Comments by Laura Edge at the Hudgin Log House Open House on September 19, 2020


I will start today with a land acknowledgement of those who came long before the Hudgin family.

In the spirit of Truth and Reconciliation, the South Shore Joint Initiative and the Moses-Hudgin Log House Restoration Committee acknowledge that we are gathered today on the customary and traditional lands of the Haudenosaunee people of this territory.

My name is Laura Edge (maiden name Hudgin). I have the honour and privilege to stand here today and represent the many generations of Hudgins who have lived in this house and visited this house, and the younger generation of us who have always wondered what’s inside this house!

When reading a land acknowledgment it always has me reflecting on the history and struggles of indigenous people when it comes to land ownership, rights to ancestral lands, to have a say in how their own land is to be used, a piece of me has felt empathy when I recognized my own emotions that are tied to this land that we stand on today, and the decisions that are to be made with my ancestral roots therefore I’m happy to be able to be a part of the efforts that are being made by the South Shore Joint Initiative and the NCC to preserve not only the environment here, but the log home that my ancestor built and raised his family in.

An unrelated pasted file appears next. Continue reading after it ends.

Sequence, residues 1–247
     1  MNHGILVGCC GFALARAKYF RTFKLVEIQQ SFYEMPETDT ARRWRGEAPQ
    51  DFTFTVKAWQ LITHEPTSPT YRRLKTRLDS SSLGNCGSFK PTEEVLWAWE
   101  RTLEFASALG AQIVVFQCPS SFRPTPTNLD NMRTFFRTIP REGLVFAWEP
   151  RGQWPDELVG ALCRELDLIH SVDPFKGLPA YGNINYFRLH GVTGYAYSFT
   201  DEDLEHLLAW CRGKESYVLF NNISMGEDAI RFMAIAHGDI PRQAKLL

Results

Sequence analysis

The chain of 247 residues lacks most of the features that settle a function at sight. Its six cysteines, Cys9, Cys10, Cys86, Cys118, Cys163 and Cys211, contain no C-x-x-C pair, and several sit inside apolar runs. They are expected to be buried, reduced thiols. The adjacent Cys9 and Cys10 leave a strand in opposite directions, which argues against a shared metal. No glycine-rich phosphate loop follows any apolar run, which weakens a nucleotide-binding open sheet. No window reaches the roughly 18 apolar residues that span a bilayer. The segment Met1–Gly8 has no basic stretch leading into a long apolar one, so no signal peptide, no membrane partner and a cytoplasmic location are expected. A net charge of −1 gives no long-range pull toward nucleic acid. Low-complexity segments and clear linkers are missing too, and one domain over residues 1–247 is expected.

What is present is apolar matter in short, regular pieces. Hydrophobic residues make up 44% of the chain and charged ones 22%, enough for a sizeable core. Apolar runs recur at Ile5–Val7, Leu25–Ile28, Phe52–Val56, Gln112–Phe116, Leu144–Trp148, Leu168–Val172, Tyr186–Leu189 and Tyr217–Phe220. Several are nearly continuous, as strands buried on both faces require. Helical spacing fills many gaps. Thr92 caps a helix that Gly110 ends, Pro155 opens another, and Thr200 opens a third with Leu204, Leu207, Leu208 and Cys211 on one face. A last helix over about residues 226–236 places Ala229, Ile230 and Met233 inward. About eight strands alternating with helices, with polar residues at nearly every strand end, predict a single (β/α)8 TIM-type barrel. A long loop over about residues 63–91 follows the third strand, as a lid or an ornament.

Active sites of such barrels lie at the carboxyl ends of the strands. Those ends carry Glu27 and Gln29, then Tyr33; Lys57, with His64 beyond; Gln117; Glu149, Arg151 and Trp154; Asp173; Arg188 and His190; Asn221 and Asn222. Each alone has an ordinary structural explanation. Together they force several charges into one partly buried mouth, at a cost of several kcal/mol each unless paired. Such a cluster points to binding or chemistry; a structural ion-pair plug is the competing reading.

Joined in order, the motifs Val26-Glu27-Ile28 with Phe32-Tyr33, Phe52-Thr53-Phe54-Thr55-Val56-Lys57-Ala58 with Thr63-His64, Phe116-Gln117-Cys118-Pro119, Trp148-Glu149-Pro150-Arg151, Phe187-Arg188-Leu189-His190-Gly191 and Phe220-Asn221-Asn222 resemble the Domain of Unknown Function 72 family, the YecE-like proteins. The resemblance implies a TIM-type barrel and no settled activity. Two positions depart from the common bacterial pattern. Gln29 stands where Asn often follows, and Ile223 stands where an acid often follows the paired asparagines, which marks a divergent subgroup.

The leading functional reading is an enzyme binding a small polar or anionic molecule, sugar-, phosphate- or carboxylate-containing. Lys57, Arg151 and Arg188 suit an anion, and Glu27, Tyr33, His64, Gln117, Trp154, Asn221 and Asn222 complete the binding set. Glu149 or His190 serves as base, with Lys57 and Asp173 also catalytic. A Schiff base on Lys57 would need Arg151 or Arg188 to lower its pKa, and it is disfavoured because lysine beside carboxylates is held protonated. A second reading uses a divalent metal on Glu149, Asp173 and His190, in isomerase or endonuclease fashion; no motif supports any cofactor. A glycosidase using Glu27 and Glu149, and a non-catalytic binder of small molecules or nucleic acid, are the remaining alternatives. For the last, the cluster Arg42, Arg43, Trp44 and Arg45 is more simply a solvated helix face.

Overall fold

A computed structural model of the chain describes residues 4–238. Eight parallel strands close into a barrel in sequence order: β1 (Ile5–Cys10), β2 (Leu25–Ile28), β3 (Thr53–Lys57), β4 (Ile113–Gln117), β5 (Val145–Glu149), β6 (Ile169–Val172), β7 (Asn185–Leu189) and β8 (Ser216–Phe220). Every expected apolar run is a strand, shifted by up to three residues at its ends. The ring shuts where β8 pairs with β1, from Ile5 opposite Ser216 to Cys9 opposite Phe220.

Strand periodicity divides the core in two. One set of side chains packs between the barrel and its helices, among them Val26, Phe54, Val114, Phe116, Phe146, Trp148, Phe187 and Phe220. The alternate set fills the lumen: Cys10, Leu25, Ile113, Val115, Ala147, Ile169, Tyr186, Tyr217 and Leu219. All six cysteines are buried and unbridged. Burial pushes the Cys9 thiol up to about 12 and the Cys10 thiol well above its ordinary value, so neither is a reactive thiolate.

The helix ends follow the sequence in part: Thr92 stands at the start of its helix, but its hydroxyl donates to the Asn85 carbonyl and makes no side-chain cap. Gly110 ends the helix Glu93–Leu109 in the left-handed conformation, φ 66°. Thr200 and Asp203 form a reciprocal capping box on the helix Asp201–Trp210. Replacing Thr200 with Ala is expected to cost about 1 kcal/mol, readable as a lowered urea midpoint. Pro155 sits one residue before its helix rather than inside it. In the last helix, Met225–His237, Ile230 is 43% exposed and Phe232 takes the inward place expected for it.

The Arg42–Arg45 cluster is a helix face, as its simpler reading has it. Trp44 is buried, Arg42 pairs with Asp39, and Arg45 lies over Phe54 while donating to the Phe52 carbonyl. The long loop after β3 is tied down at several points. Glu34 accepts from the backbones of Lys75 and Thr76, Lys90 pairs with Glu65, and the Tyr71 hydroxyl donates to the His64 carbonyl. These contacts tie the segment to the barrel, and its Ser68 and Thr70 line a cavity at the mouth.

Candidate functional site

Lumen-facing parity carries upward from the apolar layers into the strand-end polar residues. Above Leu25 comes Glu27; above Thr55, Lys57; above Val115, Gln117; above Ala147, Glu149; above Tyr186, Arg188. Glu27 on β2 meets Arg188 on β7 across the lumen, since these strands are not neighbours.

I, like many of my cousins here today (1st, 2nd, 3rd.. Many times removed..)  would make a yearly visit to this log house (we might have picnicked, just walked around the house, and some may or may not have camped). Even though it hasn’t been in the family since 1967, we’ve all still been drawn here. We’ve always seen it as such a strong symbol of our family ancestry. I recall building a replica for my grade 4 pioneer unit, and even during my Master's degree I wrote about how this place sparked my interest in becoming a history teacher.

Speaking of history, let me give you a little bit of history on this house:

This log home was built by my great-great-great grandfather Moses Hudgin, who was the son of William Hudgin Jr, who was a United Empire loyalist, Moses built this log home around 1865. Him and his wife Ann Mouck had 10 children, 9 living to adulthood. Moses farmed and fished here and eventually the log home was passed down to his son Philip who lived here with with his wife Waity (Bongard), and they raised their 4 kids here, passing the house down to their son, Egbert, who with his wife Jenny (McConnell), had 3 kids, including my grandfather Vernon, Willard and Mariam.  Their children would spend their summers here, playing with their cousins, running through the fields and to the beach. My dad always seems to have fond memories to share of his time here.

Vernon eventually sold the house in 1967.  Unfortunately, over the last 50 year the house was neglected and the extension that was built near the turn of the century, fell to ruins.

We were happy to learn that the land was to be conserved by the Nature Conservancy of Canada and the log home to be restored by the South Shore Joint Initiative to try and preserve the history of this log home while also making it a functional meeting space.

If you get a chance to look at some of the photos on the photo board you can get a better picture of what this would have looked like back in the day. Imagine all field and farm land around us, Moses would have been farming rye, buckwheat, corn, potatoes and turnips.  There would have been a big barn out back, a cold cellar behind the addition, the drive shed still over in the corner, and kids, lots of kids running around!